Literature Quiz / Shakespeare play from quotes

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Can you name the Shakespeare plays from quotes?

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Hung be the heavens with black, yield day to night!
As an arrow shot/From a well-experienc’d archer hits the mark/His eye doth level at.
Why, man, he doth bestride the narrow world/Like a Colossus, and we petty men/Walk under his huge legs and peep about/To find ourselves dishonourable graves.
We have heard the chimes at midnight.
The common curse of mankind,—folly and ignorance.
The quality of mercy is not strain’d
Our revels now are ended.
I will make a Star-chamber matter of it.
All the world ’s a stage,/And all the men and women merely players.
Men shut their doors against a setting sun.
How use doth breed a habit in a man!
Had I but served my God with half the zeal/I served my king, he would not in mine age/Have left me naked to mine enemies.
The eagle suffers little birds to sing.
That no Italian priest/Shall tithe or toll in our dominions.
A young man married is a man that ’s marr’d
O, that this too too solid flesh would melt,/Thaw and resolve itself into a dew!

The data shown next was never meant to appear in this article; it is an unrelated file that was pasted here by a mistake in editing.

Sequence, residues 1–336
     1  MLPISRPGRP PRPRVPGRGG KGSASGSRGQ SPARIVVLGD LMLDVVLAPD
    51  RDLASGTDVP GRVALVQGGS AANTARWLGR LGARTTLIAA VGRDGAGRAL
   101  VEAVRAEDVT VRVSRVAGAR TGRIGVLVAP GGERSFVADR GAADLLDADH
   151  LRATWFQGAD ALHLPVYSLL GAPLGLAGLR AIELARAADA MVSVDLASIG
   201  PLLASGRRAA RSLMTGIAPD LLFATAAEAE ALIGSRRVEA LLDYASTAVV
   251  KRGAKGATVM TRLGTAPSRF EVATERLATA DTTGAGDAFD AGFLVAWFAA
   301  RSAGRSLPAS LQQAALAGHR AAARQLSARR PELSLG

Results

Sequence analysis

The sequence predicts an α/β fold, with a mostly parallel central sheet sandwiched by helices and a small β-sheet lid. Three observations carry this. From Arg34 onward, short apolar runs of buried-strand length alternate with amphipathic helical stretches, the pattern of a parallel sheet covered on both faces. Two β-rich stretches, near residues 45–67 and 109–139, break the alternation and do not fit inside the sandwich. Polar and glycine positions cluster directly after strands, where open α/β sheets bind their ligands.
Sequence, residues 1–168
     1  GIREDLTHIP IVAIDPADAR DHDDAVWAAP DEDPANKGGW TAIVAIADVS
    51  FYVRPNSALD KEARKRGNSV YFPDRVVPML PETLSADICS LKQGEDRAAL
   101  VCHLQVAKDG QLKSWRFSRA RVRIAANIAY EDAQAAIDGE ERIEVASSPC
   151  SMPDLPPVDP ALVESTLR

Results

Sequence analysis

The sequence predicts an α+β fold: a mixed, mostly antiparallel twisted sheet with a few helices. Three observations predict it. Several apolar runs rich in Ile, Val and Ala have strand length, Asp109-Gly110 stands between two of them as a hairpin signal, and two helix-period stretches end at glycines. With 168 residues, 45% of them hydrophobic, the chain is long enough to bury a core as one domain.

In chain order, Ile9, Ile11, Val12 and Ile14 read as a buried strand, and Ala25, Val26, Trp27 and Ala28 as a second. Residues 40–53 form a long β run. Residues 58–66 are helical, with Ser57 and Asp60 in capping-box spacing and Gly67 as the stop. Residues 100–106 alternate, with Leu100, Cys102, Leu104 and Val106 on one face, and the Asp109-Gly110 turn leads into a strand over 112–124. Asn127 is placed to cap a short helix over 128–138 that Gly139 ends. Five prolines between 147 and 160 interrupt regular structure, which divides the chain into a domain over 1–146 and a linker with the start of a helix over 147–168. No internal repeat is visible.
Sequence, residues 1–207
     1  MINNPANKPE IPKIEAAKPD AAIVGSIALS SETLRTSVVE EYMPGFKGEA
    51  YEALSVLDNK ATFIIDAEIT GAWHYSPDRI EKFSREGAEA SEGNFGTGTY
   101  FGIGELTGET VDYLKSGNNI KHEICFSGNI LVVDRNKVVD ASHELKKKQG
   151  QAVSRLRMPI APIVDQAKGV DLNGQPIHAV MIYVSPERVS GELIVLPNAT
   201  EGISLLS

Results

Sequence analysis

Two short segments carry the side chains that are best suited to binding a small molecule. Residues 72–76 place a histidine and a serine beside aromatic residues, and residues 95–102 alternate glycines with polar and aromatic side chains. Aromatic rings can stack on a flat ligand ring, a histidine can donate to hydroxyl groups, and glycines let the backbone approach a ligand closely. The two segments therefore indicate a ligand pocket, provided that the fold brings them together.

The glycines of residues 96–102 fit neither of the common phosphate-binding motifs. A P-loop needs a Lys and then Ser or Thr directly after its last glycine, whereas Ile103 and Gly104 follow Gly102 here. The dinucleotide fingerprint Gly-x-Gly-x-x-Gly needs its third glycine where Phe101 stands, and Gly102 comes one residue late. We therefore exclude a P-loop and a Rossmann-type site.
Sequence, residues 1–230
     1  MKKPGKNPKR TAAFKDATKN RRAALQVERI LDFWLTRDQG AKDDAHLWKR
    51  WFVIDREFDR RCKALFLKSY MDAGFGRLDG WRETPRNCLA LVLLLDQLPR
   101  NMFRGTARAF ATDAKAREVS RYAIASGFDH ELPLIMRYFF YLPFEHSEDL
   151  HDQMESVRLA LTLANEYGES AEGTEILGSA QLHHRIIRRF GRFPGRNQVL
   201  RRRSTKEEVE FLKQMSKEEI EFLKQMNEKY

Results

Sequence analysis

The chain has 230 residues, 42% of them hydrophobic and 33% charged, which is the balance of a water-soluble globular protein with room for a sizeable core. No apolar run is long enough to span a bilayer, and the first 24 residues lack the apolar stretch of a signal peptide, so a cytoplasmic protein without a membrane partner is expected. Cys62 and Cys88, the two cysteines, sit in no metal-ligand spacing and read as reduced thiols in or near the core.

A plague o’ both your houses!
If music be the food of love, play on
Lord, what fools these mortals be!
Such duty as the subject owes the prince,/Even such a woman oweth to her husband.
To unpathed waters, undreamed shores.
Age cannot wither her, nor custom stale/Her infinite variety.
If it were done when ’t is done, then ’t were well/It were done quickly
And many strokes, though with a little axe,/Hew down and fell the hardest-timbered oak.
Excellent wretch! Perdition catch my soul,/But I do love thee! and when I love thee not,/Chaos is come again.
The first thing we do, let’s kill all the lawyers.
Now is the winter of our discontent/Made glorious summer by this sun of York
Some rise by sin, and some by virtue fall.
As flies to wanton boys are we to th' gods,/They kill us for their sport.
Golden lads and girls all must,/As chimney-sweepers, come to dust.
He that hath a beard is more than a youth, and he that hath no beard is less than a man.
The words of Mercury are harsh after the songs of Apollo.
For God’s sake, let us sit upon the ground/And tell sad stories of the death of kings.
His nature is too noble for the world:/He would not flatter Neptune for his trident,/Or Jove for ’s power to thunder.
Let’s go hand in hand, not one before another
O for a Muse of fire, that would ascend/The brightest heaven of invention!
The better part of valour is discretion.

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